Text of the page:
A patent can be defined as "a time-limited, commercial and state-sanctioned exclusive right to technical inventions of an assured minimum quality" (translated quote by Anders Hagman, in Gentekniken och juridiken / Källa no. 38, published by the Swedish Council for Planning and Coordination of Research). In this case, the time limitation means that the patent can be enforced for 20 years at the most. The invention, which can be a procedure, device, use, or product should be able to be applied industrially and to be repeated by other researchers. Such a technical invention can concern computer program-related inventions as well as microbiological procedures and products. For more information, see the page on patents on genetic-technical inventions. The technical demand does not exclude, for example, toys or inventions within the agricultural sector from items able to be patented. In recent years there has been a lively discussion regarding patents on business methods, which have made inroads in countries such as the US. In Europe, there exists a fundamental requirement for a "technical effect" from a patentable invention.
A patent is obtained through an application procedure consisting of a rather careful pre-investigation into whether the invention in question fills the legal requirements of a patentable invention. Obtaining a patent is a fairly costly procedure, especially as one must as a rule obtain patents in many countries for the protection to be effective. A patent is sought and decided on in each individual country. The rules regarding a Swedish patent are presented in the patentlagen (law on patents) (SFS 1967:837). In Sweden and 30 other European countries, a patent can also be applied for according to the European Patent Convention of 1973 (EPC, last updated 2005). Anyone wishing for a patent also in non-european countries may instead seek patent according to the Patent Cooperation Treaty (PCT), which is adminestered by the World Intellectual Property Organization (WIPO). PCT has recently been revised (see the "regulations").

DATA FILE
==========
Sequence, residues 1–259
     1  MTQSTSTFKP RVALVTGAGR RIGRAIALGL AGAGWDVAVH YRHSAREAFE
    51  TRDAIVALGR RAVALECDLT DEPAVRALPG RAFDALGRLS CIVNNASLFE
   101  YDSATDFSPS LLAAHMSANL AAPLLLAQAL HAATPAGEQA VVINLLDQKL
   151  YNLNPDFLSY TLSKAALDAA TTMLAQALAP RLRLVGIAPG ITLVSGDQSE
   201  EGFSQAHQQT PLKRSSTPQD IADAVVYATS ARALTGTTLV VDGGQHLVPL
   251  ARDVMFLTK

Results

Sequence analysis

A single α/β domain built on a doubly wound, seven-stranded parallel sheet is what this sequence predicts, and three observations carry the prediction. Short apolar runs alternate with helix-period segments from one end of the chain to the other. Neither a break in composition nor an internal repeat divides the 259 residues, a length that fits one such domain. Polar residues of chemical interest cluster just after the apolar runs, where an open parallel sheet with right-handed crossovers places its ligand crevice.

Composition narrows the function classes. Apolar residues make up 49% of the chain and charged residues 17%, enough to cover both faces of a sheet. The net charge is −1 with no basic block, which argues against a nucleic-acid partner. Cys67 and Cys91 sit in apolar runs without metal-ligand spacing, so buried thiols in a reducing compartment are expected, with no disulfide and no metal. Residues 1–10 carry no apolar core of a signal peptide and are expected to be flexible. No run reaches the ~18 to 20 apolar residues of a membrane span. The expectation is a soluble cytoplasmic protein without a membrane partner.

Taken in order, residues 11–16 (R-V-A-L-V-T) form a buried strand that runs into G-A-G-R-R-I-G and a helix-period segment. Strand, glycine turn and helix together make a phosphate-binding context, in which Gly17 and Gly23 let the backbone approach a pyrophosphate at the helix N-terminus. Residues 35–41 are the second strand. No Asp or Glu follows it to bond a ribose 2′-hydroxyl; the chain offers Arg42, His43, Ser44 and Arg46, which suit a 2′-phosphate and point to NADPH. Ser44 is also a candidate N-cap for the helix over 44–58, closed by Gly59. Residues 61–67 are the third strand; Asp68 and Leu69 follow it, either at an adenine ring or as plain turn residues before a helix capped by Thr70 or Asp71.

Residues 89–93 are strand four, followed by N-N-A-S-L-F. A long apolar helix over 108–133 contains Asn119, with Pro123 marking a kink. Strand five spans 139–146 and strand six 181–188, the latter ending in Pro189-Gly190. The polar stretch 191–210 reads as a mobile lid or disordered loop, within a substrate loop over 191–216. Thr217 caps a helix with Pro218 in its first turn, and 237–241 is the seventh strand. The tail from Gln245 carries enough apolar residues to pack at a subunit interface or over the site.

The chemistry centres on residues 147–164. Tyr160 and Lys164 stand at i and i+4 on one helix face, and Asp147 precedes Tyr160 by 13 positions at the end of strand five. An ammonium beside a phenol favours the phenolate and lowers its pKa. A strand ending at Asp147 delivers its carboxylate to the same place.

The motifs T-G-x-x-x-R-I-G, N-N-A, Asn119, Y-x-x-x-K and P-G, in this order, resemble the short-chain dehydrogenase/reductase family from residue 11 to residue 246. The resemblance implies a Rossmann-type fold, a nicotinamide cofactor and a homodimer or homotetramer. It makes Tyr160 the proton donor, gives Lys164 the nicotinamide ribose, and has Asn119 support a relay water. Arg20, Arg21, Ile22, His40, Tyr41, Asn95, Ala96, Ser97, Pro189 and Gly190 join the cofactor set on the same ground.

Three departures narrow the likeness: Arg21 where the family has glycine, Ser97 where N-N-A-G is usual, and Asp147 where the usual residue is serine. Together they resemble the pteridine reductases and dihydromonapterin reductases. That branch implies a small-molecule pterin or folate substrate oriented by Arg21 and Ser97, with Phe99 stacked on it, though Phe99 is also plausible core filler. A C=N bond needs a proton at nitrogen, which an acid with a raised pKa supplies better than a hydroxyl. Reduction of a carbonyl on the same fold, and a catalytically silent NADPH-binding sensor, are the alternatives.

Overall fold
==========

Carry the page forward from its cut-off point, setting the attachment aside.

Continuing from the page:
For decades in Europe, there has been an ongoing negotiation regarding a proposal for a patent applicable to the European Community - a Community Patent - which is to encompass the entire EU with a unitary right. Trough the so called Lisbon Strategy it is urgent that a common patent system in Europe is realised. Even though European patents can be granted today, each Member State still require that in order for it to be legally valid in their territory the European Patent is translated into its official language. Translation costs thereby make patenting in Europe significantly more expensive than in the US or Japan. This difficulty is increased by the need to work in different european national court systems in case of dispute. Also this has to be solved.
The European Commission has offered a proposal on translation arrangements for EU patents, but then in December 2010, after failures to resolve concerns by several governments, some countries asked to be allowed to cooperate on a single patent. On 10 March 2011, the Council of Ministers authorised the use of “enhanced cooperation” for unitary patents in all EU countries except Italy and Spain, a first step towards a Community Patent. The negotiations have now led to an agreement, including the creation of a community patent court and a reduction of the patent application fee from 36 000 euro to 4 725 euro. The Swedish Government has decided upon a public inquiry which should suggest needed legislative changes as well as a new patent act.